Hope For Paws is normally a dog rescue group – but in this case, the “paws” in question may have belonged to a wolf! Volunteer for the dog rescue group, Eldad Hagar, found a giant skinny neglected dog named Julia in South Central Los Angeles. With the help of Lisa Chiarelli, they took the giant wolf dog in and took care of her.
Eldad Hagar received a report of a dog that had been neglected in the area. A representative of local animal charity group Hope For Paws, this was nothing new. He asked a friend, Lisa Chiarelli, to help him get a hold of the dog. When they reached her, he immediately knew this dog was special. As Hagar put it on the Hope For Paws website, “Usually we rescue dogs, but this time, I am pretty sure that we rescued a wolf-hybrid!!”
Hagar found the dog – whom he nicknamed Julia – about to enter a yard. He described the arrival and effort to take possession of sickeningly skinny dog: “As I slowed down in front of the gate, Lisa Chiarelli opened the door and jumped out before I even came to a complete halt. She calmly closed the gate, and the first part of this rescue was over – Julia was secured.”
The dog wasn’t in the best of shape – like a lot of rescues, her coat was in terrible condition, and it was obvious that she had been starving. Hagar couldn’t believe his eyes.
“Julia had an old rope tied to her which indicates to me that someone owned and neglected her to a criminal level… this poor girl was so swollen from infections, she was bleeding, pus was oozing from everywhere, and it’s hard to see because of this coat, but she is just skin and bones,” he explained.
To get Julia to trust the strangers, Hagar encouraged Chiarelli to offer treats to the big abuse survivor. This tactic worked, albeit a little at a time.
“Even though Julia was so skinny and starved, she took food so gently,” Hagar said.
Chiarelli, twenty minutes into feeding the dog, placed Hagar’s so-called “Lucky Leash” on the rescue.
The owner of the yard that Julia had wandered into noticed the pair at work. Hagar told her the situation, and after handing her a card, said he would take care of “this poor girl that was wandering in this neighborhood.”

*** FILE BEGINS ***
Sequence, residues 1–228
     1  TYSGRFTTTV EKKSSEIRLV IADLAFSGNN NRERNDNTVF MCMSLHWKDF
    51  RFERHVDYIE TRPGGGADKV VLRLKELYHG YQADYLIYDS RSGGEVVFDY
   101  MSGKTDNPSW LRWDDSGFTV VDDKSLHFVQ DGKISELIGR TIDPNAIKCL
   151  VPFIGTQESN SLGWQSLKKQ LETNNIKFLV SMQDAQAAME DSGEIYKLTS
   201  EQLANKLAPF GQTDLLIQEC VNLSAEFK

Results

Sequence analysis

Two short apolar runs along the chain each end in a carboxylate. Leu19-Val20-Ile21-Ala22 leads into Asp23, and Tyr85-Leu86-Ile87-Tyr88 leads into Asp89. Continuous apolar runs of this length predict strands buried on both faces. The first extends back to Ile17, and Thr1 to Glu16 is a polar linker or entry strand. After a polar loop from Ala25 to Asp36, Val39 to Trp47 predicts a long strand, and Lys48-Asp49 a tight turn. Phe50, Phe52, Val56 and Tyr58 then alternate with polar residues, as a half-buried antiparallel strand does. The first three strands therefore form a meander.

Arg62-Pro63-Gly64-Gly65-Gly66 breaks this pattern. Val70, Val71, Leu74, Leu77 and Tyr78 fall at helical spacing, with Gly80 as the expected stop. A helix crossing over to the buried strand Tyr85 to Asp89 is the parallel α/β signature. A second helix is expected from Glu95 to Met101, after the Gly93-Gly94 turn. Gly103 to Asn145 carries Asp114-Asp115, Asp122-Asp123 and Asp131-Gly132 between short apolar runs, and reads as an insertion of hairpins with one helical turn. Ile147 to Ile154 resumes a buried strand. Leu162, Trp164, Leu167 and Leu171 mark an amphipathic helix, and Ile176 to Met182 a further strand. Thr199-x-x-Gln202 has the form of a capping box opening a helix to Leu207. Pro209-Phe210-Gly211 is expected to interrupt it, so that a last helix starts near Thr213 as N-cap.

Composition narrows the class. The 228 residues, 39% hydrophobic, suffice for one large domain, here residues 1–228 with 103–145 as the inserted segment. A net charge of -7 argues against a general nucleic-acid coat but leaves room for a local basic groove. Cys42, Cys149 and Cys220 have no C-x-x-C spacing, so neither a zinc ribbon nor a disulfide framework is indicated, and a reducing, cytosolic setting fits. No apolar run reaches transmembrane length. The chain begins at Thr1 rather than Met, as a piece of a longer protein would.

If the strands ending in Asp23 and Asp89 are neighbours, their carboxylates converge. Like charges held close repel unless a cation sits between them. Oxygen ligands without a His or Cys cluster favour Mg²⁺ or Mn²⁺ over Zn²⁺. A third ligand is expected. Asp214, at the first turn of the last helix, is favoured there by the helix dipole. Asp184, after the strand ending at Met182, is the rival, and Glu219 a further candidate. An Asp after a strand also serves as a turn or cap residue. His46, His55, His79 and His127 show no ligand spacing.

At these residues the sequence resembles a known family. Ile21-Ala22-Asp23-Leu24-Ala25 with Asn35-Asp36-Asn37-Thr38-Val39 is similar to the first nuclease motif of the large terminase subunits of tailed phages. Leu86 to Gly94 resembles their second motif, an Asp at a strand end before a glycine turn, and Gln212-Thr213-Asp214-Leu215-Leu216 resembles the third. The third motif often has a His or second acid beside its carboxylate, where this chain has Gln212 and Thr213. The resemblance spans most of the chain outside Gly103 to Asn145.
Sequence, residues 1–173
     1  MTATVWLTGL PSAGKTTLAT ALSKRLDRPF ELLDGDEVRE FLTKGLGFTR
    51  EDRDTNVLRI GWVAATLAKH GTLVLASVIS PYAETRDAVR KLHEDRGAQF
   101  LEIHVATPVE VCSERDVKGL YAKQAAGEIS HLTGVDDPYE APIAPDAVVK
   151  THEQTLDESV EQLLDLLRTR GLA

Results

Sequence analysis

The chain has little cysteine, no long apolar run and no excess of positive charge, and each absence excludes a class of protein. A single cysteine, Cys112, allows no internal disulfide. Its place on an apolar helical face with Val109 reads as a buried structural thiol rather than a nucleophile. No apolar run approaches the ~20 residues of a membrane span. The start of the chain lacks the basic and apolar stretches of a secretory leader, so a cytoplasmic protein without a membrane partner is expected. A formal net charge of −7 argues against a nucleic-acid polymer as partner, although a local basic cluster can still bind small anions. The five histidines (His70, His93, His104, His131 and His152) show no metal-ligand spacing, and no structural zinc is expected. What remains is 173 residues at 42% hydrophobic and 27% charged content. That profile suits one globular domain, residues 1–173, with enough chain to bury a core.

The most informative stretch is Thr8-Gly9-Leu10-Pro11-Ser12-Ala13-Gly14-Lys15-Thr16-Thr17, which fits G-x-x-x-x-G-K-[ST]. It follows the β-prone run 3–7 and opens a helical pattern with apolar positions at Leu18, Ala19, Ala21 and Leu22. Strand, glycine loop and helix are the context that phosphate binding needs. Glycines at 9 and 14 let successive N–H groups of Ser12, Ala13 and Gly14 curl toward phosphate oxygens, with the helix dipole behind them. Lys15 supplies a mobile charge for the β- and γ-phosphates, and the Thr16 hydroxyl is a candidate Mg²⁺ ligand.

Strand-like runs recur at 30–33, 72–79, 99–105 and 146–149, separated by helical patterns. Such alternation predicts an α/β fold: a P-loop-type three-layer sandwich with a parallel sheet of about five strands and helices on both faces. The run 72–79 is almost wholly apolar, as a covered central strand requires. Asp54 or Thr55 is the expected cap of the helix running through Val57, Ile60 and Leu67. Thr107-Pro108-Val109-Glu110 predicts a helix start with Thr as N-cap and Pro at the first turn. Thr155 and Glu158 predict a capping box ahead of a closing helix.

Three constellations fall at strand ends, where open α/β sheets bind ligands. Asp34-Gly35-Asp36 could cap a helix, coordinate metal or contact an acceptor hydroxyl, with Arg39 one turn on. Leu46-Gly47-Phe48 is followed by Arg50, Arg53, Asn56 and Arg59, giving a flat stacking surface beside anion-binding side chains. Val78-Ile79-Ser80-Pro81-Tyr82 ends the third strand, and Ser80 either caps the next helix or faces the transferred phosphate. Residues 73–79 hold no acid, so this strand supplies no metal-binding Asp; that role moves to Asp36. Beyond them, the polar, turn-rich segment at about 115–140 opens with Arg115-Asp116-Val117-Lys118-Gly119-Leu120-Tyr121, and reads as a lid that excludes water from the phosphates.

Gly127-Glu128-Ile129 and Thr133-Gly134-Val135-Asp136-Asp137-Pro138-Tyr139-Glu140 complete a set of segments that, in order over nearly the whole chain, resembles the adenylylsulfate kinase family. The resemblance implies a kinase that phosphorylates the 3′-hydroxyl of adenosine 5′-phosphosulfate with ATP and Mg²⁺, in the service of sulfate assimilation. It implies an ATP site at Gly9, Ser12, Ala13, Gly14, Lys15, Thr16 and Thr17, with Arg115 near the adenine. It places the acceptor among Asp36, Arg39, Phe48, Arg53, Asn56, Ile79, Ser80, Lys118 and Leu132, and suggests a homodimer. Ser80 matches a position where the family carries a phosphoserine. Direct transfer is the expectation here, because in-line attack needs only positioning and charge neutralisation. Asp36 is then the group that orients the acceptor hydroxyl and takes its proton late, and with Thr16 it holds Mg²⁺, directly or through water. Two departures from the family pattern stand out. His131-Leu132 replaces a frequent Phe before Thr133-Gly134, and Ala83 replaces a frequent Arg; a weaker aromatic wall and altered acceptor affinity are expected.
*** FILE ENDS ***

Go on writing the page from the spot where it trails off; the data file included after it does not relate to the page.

Hagar and Chiarelli rearranged the car’s inventory to make room for the wolfish stray. Julia was skittish throughout the process. Hagar coaxed her inside the car, and the three took off to the rescue organization’s headquarters. They also took Julia to the Hollywood Veterinary Care Center to treat the abused dog. Lab work confirmed that Julia had Demodectic Mange that required a bath.
Hagar also noted that, “Julia’s paws were so swollen, her nails were so long… so much discomfort, but it was all about to change.”
At a mere 2 years old, the wolf-dog was a survivor: this much was obvious, especially after the water broke down the scabs of the mange. Julia was relieved when the bath was over. Dr. Ingram checked Julia, then gave the dog dinner and comfortably laid her to bed for the night. Hagar even checked in on her three hours later at the dog hospital.
Since her rescue, Julia’s recovery is slow but steady. It’s been made easier by having a solid friend in Hagar. He loves to spend time with her, saying: “Today I took Julia and we sat together outside for an hour. We enjoyed each other’s company, we looked at the people who looked at us and probably thought to themselves ‘look at this guy sitting there with a wolf.’”
While she doesn’t wag her tail yet, she will show affection by rubbing her head on Hagar. As he put it, “What a special girl.”